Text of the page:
Even when they or their children succumb to a dread disease like cancer, they do not link the tragedy to environmental factors—though scientists now believe that present-day cancer epidemics stem largely from human-made causes. The plutocrats deny there is a serious problem because they themselves have created that problem and owe so much of their wealth to it.

But how can they deny the threat of an ecological apocalypse brought on by ozone depletion, global warming, disappearing top soil, and dying oceans? Do the corporate plutocrats want to see life on Earth—including their own lives—destroyed?

In the long run they indeed will be sealing their own doom, along with everyone else’s. However, like us all, they live not in the long run but in the here and now. What is at stake for them is something more immediate and than global ecology. It is global capital accumulation. The fate of the biosphere seems a far-off abstraction compared to the fate of one’s immediate investments.

Furthermore, pollution pays, while ecology costs. Every dollar a company spends on environmental protections is one less dollar in earnings. It is more profitable to treat the environment like a septic tank, to externalize corporate diseconomies by dumping raw industrial effluent into the atmosphere, rivers, and bays, turning waterways into open sewers.

Moving away from fossil fuels and toward solar, wind, and tidal energy could help avert ecological disaster, but six of the world’s ten top industrial corporations are involved primarily in the production of oil, gasoline, and motor vehicles. Fossil fuel pollution means billions in profits. Ecologically sustainable forms of production directly threaten those profits.

Immense and imminent gain for oneself is a far more compelling consideration than a diffuse loss shared by the general public. The social cost of turning a forest into a wasteland weighs little against the personal profit that comes from harvesting the timber.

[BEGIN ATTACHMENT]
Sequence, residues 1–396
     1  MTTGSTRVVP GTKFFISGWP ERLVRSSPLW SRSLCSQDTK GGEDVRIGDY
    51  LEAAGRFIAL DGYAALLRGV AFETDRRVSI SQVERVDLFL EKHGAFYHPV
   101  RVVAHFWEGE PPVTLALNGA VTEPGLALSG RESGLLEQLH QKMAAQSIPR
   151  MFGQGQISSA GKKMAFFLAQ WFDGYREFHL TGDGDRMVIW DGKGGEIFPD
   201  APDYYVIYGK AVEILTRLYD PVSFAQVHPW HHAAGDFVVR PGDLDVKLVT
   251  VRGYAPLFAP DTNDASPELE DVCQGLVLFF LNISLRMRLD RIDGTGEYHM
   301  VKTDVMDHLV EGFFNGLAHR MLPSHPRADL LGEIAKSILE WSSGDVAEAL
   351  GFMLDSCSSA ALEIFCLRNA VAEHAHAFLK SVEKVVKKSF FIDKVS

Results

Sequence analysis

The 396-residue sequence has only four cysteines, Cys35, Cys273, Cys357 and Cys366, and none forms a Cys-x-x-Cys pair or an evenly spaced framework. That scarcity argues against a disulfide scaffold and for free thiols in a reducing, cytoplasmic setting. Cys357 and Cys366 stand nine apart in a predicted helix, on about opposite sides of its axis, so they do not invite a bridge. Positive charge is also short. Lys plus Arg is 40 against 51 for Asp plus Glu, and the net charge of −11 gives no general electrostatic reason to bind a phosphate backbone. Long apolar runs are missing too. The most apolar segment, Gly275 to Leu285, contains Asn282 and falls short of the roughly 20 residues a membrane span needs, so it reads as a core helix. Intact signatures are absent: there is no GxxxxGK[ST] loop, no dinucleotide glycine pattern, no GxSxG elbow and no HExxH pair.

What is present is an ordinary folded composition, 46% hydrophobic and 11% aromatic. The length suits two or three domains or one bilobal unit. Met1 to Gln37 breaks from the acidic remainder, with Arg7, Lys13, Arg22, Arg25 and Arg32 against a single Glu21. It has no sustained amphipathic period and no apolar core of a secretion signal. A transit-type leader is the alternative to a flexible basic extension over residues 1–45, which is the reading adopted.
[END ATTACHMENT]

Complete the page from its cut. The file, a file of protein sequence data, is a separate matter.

This conflict between immediate personal gain on the one hand and seemingly remote public benefit on the other operates even at the individual consumer level. Thus, it is in one’s long term interest not to operate an automobile that contributes more to environmental devastation than any other single consumer item (even if it’s a hybrid). But again, we don’t live in the long run, we live in the here and now, and we have an immediate everyday need for transportation, so most of us have no choice except to own and use automobiles.

Mind you, we did not choose this “car culture.” Ecologically efficient and less costly mass transit systems and rail systems were deliberately bought out, privatized and torn up, beginning in the 1930s in campaigns waged across the country by the automotive, oil, and tire industries. These industries put “America on wheels,” in order to maximize profits for themselves, and to hell with the environment.

Sober business heads refuse to get caught up in doomsayer “hysteria” about ecology. Besides, there can always be found a few stray experts who will obligingly argue that the jury is still out, that there is no conclusive proof to support the alarmists. Conclusive proof in this case would come only when the eco-apocalypse is upon us.

Ecology is profoundly subversive of capitalism. It needs planned, environmentally sustainable production rather than the rapacious unregulated free-market kind. It requires economical consumption rather than an artificially stimulated, ever-expanding, wasteful consumerism. It calls for natural, relatively clean and low cost energy systems rather than high cost, high profit, polluting ones. Ecology’s implications for capitalism are too challenging for the capitalist to contemplate.

The plutocrats are more wedded to their wealth than to the Earth upon which they live, more concerned with the fate of their fortunes than with the fate of humanity.

The struggle over environmentalism is part of the class struggle itself, a fact that seems to have escaped many environmentalists. The present ecological crisis has been created by the few at the expense of the many. This time the plutocratic drive to “accumulate, accumulate, accumulate” may take all of us down, once and forever.